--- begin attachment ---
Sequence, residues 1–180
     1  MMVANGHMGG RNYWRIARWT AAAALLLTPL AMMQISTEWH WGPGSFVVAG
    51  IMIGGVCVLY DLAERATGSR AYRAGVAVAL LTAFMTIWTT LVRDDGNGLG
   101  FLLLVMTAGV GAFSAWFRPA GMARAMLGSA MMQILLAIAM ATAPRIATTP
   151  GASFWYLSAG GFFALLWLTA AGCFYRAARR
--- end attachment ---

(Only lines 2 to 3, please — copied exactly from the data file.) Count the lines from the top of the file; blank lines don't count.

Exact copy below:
     1  MMVANGHMGG RNYWRIARWT AAAALLLTPL AMMQISTEWH WGPGSFVVAG
    51  IMIGGVCVLY DLAERATGSR AYRAGVAVAL LTAFMTIWTT LVRDDGNGLG